Mom on a bike Part II: Riding with kids
Riding around town with my two kids in tow, I am often asked about how to get young children on bikes. How old do they need to be? What type of gear should I have? Where can I find a helmet small enough?
There is an overwhelming amount of information online, complete with opinions about what is safe, legal, works best, etc. I did my own research and made decisions that felt best for my family. Here is what we found:
Both of my children had their first bike rides around 9 months of age. At that point, each was able to sit independently and had great head control. Holding up a helmet was no problem. We never tried using infant carriers in the back of trailers or in bucket bikes, but friends of ours have.
Where to ride
I love to ride my bike, and I try to ride as often as possible, including commuting to work, closer social functions and errands. When riding with the kids, I have different goals than when I am trying to get somewhere quickly and efficiently, so I choose my routes differently. Here is what works for my family:
- We pick quiet streets and paths when possible. Neighborhood streets, parks and bike paths are some of our favorite places to cruise.
- We make ourselves visible with lights, flags and bright clothing. We may look like a UFO going down the street, but the kids like the flashy lights, and they make us super visible.
- We allow extra time. Adding time for surprise playground or ice cream stops along the way, children who fall asleep or other unexpected circumstances (flats on our bike AND trailer—yes, it happens) helps.
I had dreams about all of the fancy gear we would get to buy once we had kids. I also have an ongoing wish list of gear I would like, including an Xtracycle and a Dutch bucket bike. Fancy gear can be expensive though. Do what works for you. We have tried a variety of things and found a few favorites:
- Front seat: We were given a Yepp Mini front-mounted bike seat before my oldest was born. Both kids love that they can see everything, and we like having them right there between our arms. The seat has a comfortable full-harness buckle and a front armrest (affectionately known as the “steering wheel” by my daughter) to keep little hands out of the way.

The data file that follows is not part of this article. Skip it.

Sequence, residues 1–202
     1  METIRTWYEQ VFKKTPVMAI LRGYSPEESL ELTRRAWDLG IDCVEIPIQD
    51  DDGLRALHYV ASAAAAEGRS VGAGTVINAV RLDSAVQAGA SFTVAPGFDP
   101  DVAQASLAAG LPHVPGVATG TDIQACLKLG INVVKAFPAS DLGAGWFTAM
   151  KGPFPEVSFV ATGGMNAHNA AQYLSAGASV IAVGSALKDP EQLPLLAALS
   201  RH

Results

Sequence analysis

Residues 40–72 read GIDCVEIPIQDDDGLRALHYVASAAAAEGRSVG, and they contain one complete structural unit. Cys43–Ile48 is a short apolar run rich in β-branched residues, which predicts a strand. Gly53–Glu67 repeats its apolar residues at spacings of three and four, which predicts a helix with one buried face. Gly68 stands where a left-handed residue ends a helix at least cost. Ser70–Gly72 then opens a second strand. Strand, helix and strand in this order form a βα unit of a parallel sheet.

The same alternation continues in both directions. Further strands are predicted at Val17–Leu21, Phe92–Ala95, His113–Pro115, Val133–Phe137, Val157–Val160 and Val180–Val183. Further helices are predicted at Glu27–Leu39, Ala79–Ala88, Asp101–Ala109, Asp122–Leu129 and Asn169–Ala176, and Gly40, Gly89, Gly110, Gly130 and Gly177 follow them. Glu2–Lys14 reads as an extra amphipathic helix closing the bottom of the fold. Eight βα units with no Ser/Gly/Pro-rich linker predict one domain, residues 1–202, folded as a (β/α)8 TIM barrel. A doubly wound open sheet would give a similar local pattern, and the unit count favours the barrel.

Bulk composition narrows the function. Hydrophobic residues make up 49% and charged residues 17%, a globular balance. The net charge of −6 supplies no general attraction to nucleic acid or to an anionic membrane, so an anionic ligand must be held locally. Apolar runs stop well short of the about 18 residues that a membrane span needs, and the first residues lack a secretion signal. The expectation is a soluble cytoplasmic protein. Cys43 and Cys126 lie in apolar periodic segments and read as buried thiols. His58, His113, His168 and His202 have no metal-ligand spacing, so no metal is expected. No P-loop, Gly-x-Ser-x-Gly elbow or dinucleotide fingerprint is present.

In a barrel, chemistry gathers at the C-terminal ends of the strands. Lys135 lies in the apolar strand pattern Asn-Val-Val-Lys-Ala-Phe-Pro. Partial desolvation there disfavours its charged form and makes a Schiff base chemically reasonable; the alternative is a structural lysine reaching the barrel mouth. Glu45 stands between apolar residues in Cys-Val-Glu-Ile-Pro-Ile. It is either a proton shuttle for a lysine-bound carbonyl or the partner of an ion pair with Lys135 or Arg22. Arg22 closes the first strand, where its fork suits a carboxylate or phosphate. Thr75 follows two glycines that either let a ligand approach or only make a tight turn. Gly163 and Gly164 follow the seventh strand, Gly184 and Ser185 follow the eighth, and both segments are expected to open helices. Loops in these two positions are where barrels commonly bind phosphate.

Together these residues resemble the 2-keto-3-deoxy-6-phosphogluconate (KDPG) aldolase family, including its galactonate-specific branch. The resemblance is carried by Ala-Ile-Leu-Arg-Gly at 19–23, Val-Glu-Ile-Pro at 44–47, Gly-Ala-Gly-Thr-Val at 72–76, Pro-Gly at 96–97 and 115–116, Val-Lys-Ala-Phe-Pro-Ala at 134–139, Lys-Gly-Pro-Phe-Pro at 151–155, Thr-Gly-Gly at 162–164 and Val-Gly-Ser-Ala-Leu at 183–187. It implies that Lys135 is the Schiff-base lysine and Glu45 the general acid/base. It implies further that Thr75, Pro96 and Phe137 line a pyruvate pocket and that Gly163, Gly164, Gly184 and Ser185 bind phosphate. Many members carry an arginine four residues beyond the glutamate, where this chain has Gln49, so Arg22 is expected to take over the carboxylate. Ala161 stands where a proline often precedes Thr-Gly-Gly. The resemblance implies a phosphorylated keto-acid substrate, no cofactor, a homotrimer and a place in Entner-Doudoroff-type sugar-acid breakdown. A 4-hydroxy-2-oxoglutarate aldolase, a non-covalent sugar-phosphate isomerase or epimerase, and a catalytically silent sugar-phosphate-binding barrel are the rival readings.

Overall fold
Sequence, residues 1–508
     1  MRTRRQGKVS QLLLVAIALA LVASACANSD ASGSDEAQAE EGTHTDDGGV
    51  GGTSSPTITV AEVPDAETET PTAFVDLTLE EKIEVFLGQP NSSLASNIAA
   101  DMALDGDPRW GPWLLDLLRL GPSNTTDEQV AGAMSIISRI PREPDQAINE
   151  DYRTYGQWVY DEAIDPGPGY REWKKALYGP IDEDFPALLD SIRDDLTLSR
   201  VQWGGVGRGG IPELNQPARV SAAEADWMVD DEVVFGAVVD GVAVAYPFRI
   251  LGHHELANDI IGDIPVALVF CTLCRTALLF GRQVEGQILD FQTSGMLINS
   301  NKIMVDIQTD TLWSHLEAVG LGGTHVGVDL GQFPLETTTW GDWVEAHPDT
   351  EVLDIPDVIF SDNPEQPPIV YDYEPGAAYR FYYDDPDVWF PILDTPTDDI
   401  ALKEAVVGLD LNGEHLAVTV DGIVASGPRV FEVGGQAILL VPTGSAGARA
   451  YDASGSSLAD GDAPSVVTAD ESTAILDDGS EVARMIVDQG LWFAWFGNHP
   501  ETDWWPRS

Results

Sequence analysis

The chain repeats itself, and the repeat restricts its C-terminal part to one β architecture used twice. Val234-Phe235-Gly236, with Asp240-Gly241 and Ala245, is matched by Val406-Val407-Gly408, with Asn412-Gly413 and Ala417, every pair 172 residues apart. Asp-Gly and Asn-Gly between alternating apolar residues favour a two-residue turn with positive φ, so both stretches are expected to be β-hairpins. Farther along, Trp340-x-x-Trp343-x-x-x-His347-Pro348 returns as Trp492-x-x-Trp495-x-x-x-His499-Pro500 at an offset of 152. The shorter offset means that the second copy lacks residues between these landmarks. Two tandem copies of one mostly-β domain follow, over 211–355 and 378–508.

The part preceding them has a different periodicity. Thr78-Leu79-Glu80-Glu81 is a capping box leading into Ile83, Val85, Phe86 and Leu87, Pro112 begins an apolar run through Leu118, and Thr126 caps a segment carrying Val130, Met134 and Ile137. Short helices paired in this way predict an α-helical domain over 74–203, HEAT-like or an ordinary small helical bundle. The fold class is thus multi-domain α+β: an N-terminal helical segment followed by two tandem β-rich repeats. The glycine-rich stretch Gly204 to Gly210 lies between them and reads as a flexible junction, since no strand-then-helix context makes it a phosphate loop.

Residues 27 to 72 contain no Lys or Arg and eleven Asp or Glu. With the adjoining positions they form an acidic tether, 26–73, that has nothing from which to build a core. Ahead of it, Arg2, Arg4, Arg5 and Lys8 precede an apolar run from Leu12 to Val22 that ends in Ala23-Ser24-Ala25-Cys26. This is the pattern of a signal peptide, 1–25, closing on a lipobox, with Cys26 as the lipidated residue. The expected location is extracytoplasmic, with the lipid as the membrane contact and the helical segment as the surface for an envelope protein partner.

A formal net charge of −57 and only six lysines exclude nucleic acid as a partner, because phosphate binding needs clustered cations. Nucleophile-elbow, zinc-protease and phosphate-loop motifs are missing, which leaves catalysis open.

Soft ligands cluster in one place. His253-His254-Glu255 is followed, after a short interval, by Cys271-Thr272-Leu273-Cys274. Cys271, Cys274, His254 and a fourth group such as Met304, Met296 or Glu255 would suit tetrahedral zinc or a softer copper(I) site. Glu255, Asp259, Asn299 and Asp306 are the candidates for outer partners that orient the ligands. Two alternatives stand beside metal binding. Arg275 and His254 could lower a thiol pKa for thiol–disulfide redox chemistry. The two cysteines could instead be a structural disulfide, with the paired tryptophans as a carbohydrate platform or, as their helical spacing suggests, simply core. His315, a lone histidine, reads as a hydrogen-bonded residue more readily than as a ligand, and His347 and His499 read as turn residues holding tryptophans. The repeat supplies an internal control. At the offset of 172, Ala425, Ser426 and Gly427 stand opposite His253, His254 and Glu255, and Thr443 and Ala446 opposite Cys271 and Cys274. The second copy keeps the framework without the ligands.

- Back seat: We also have a rear-mounted seat that we may use more once my youngest gets too big for the front seat. My daughter finds it comfortable enough for napping but seems to prefer being in front.
- Trailer: My almost 3-year old is a huge fan of our trailer. She loves to bring books or toys in there with her, and I can usually hear her singing happily to herself as she gazes out the window. The trailer can fit two kids or one kid with plenty of gear.
- Push bikes: We have a couple of these. My daughter is just beginning to glide around on both her Joovy Bicycoo and traditional Strider.
- Helmets: While parents know there is a “gently used” market for everything, helmets should be purchased new. Finding good helmets for small heads can be challenging, but we’ve found that both Lazer and Joovy helmets work well for our kids. Getting kids used to wearing helmets early is key. Once they’re used to them, they won’t want to ride without them.
When purchasing specialized bike gear, take your kids and bikes with you to the store. We found out the hard way that certain seats are more compatible with one bike over another, and helmets that look like they would fit in the store actually might not. It helps to try everything out before purchasing.
Make It Work For You
I have seen so many creative setups when it comes to bike gear and getting kids exposed to the world of bicycling. I think we can all gain from each other’s experiences, much like in the bigger world of parenting. Please comment and share what works for you and your kids.
All that aside, each family bike ride reminds me that regardless of what gear is today’s favorite, which bikes we are on or whatever else has happened that day, riding bikes makes me happy. My kids seem to feel the same, and they both get a huge thrill out of hearing the ding of my bike bell. That’s all I need.